Chef Brad Miller and restaurateur Luke Tabit have tested and eaten hundreds of burgers over the past six months. The two friends and former colleagueshave experimented with countless varieties of cheese to observe how they melted, tasted numerous buns to make sure they didn’t fall apart, blended various mixtures of ground beef and consumed copious amounts of special sauce to create what they hope will be your new favorite burger.
Their Original Burger Boy just might be the Rolls-Royce of smash burgers, with each component souped up and fully loaded. The two patties are a precise blend of chuck and short rib. There are two slices of Borden American cheese (the cheddar and others just didn’t quite cut it) and exactly four Mount Olive dill pickle chips on the burger.
The caramelized onion marmalade that’s slathered on the meat is cooked low and slow with port wine for about an hour. Miller adds balsamic vinegar and continues to reduce the mixture; then he adds molasses and reduces it further before he layers in some thyme, liquid amino acids, liquid smoke and butter. The special L&B sauce, which goes on the bun, is a combination of smoked paprika, onion, tamari, lime, “secret spices” and mayonnaise. And it all comes together on a Martin’s potato roll.
Sounds good, doesn’t it? It tastes pretty great too. But if you want to try it, you’ll have to get crypto-savvy, school yourself on NFTs and enter the metaverse. A growing number of restaurateurs and food companies — including Budweiser and Chipotle — are experimenting with new technology to help market their brands. In the case of the Original Burger Boy, the IRL version will be available only after the owners reach their funding goals, which they hope to achieve, in part, by selling NFTs.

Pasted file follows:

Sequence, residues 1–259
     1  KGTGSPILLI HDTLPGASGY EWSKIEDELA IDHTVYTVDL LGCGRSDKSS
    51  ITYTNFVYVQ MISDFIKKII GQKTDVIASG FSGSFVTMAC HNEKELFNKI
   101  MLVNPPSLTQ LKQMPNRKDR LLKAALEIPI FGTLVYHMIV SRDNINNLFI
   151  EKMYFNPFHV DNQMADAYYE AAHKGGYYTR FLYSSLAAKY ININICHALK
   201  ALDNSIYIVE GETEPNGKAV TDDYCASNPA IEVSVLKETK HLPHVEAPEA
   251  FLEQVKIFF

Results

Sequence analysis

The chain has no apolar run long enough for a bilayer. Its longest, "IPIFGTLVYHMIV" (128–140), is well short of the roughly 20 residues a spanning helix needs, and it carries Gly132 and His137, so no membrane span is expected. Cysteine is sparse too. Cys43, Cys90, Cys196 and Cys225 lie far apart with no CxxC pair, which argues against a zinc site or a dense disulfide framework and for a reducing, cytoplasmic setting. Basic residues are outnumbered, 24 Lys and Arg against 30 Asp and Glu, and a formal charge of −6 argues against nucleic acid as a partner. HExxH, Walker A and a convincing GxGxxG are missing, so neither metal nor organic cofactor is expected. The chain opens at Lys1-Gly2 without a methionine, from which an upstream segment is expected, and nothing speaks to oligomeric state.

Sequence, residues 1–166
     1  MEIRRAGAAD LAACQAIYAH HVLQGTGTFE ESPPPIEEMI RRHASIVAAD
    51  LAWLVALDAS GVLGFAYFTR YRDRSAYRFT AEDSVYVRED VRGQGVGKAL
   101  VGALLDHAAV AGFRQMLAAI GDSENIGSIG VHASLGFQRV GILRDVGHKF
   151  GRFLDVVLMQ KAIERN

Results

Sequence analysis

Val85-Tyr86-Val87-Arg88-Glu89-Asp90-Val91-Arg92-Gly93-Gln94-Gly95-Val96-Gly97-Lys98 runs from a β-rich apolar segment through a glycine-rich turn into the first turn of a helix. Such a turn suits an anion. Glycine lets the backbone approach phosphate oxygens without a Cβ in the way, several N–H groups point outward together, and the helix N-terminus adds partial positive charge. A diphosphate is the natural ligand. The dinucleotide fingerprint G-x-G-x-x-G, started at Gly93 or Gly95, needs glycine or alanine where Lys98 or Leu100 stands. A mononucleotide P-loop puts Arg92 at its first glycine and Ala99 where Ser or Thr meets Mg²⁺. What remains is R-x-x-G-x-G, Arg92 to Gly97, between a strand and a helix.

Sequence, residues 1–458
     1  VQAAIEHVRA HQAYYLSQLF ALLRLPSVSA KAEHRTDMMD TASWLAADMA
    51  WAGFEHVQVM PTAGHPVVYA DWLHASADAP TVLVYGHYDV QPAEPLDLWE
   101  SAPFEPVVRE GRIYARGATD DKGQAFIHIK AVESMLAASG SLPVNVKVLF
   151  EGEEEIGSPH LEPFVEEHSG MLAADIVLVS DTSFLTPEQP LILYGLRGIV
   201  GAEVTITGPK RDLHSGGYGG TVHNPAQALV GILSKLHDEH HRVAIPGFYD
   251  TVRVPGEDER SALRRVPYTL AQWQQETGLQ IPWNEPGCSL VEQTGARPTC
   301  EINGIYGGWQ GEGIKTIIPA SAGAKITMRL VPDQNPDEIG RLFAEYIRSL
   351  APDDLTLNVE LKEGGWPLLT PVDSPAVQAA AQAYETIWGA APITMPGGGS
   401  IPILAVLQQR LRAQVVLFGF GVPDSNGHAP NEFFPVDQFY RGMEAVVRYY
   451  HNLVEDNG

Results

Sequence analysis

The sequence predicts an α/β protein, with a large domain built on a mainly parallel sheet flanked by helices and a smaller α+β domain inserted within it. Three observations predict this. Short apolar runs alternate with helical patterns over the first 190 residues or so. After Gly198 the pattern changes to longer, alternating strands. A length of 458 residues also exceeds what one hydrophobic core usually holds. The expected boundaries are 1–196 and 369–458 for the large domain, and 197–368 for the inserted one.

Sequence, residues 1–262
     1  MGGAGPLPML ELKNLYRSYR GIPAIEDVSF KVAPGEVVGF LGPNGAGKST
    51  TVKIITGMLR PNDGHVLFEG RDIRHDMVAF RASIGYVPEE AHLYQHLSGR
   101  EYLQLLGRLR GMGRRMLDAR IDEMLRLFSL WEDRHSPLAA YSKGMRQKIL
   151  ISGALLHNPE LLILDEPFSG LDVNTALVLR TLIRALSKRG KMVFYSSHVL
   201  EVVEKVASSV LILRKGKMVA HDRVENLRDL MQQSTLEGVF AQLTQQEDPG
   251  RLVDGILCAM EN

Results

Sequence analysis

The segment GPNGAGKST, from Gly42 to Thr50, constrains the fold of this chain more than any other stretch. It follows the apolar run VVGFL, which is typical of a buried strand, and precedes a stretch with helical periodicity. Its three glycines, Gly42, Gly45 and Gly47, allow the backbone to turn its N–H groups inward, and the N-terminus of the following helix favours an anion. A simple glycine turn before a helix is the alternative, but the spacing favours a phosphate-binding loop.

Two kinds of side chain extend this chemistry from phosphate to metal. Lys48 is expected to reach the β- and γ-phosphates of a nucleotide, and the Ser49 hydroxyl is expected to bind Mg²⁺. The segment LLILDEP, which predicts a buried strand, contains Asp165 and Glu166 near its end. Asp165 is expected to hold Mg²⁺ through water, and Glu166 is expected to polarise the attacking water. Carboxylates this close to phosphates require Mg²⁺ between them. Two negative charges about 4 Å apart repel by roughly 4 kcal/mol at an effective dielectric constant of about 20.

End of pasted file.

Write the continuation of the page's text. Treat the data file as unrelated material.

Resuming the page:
If you, like many of us, need to be reminded of the terminology in this relatively new marketplace, here goes: Cryptocurrency is a decentralized system of digital money based on blockchain technology. The metaverse is the persistent, online world that evolves and sticks around, even after you log off. You can experience it through various technologies including virtual reality and augmented reality, accessible through multiple devices such as phones, game consoles and your computer.